What if someone tampers with our memories?
How will we search them quickly?
What’s the interface like?
Can we speculate and fill in the blanks? Can an algorithm do so for us?
Can we share memories with others, and what does that mean for trust? Can we revoke them?
Do our personal agents take the fifth, afforded special protections as extensions of ourselves?
Will we ever have perfect recall?
Perfect recall seems like some kind of implant jacked into the base of the neck—Gibsonian burning-chrome sockets jacking into the Matrix. Surely it’s centuries before reliable brain-machine interfaces let us revisit our past as if we were there, accessing every facet of a memory?
While that’s true, technology is already changing how we see the past, in ways that have snuck up on us. Closed-circuit TV, ubiquitous smartphone cameras, GPS, cell towers, contact tracing apps, and more make it possible for those with authority to roll back the clock and solve a crime.
We already have partial recall through our digital proxies. A fair simulacrum of much our pasts is at hand today. Photos, calendars, emails, and the digital spray of our real-world lives floats in the cloud.
Apparently, my first GMail was to my sister! What I was doing before 2004, I have no idea.
We can name thousands of faces with a click. This already lets us figure out with great precision what and when we were, and who we were with.
Google showing me all the bridges I’ve taken photos of, without me teaching it to. It even knew the lion was on a bridge.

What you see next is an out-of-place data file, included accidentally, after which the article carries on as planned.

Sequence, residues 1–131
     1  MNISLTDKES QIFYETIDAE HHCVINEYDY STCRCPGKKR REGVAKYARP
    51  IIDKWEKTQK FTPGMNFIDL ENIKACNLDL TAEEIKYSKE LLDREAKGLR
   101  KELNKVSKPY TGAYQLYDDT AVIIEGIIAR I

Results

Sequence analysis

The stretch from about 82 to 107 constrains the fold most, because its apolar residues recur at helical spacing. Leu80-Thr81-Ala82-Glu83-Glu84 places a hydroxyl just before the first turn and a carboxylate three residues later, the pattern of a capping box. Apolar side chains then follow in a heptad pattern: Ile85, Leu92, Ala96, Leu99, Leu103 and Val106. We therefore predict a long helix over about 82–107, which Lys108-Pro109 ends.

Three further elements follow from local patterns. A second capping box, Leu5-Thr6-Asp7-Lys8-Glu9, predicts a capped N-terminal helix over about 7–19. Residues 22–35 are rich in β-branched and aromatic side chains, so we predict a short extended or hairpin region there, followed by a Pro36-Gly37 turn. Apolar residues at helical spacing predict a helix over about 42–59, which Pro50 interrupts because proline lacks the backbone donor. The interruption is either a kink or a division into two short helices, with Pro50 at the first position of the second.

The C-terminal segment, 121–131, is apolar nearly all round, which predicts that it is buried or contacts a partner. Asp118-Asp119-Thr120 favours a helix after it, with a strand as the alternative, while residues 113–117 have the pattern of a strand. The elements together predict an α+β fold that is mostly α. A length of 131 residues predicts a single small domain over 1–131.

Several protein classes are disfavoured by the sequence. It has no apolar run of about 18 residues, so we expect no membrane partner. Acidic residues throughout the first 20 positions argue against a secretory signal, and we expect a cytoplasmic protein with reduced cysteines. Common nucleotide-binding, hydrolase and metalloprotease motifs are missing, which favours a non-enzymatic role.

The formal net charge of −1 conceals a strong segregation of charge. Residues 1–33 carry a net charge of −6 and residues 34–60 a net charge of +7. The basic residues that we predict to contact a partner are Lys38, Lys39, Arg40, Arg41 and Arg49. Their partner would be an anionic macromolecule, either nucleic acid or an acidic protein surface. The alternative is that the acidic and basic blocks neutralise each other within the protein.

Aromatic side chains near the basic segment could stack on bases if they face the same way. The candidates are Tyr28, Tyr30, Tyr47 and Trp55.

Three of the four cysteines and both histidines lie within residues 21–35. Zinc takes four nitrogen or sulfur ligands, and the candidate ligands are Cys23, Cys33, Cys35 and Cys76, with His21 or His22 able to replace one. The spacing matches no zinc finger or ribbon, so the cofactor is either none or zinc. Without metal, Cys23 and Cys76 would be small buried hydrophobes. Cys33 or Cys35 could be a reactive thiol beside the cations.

Digital recall poses new questions
Perhaps the Grand Bargain of the Internet was that it would give us the superpower of a digital record of our lives, alongside the Kryptonite of letting everyone else see it.
Surely the true sociopaths will realize they’re being tracked and recorded early on, leading a life of innocence until they snap. And will we have to stay in our religious, social, and economic lanes for fear of public shaming and cancel culture?
Even the kind of sci-fi perfect recall we imagine—only for ourselves, subjective and truly personal—may be at hand. We know people can have perfect recall, and we can look at their DNA. If we can figure out what makes Peek and Henner special, might we then use genetic editing to bless our progeny with the ability to remember everything in their lives?
At this point we have to ask: Is recall a curse? Why did evolution not give us this ability with apparently limited side effects when we know it can? Surely there are significant downsides.
Perhaps collectively, the ability to forgive and forget tribal rivalries encouraged peace and prosperity. But today, we have laws and communication to encourage such things—or do we? Would society collapse when people, tribes, and nations couldn’t bury the hatchet in the sands of time?
Would the person be able to control their recall, or have to sift through bad and good?
If recall were controllable, you could recall that moment you really wanted to quit smoking every time you had a craving; or flash back to the time you promised to get in shape every time you faced down a cake.
But if recall were not controllable, then your upbringing has a huge impact on your adult life. An unforgettable tragedy you’re forced to relive is a psychosis; an abusive father becomes a curse you can’t escape in the fog of time.
Maybe the reason we haven’t evolved perfect recall is that it only helps those with perfect beginnings, further widening the class divide into those who remember everything and those who dare not.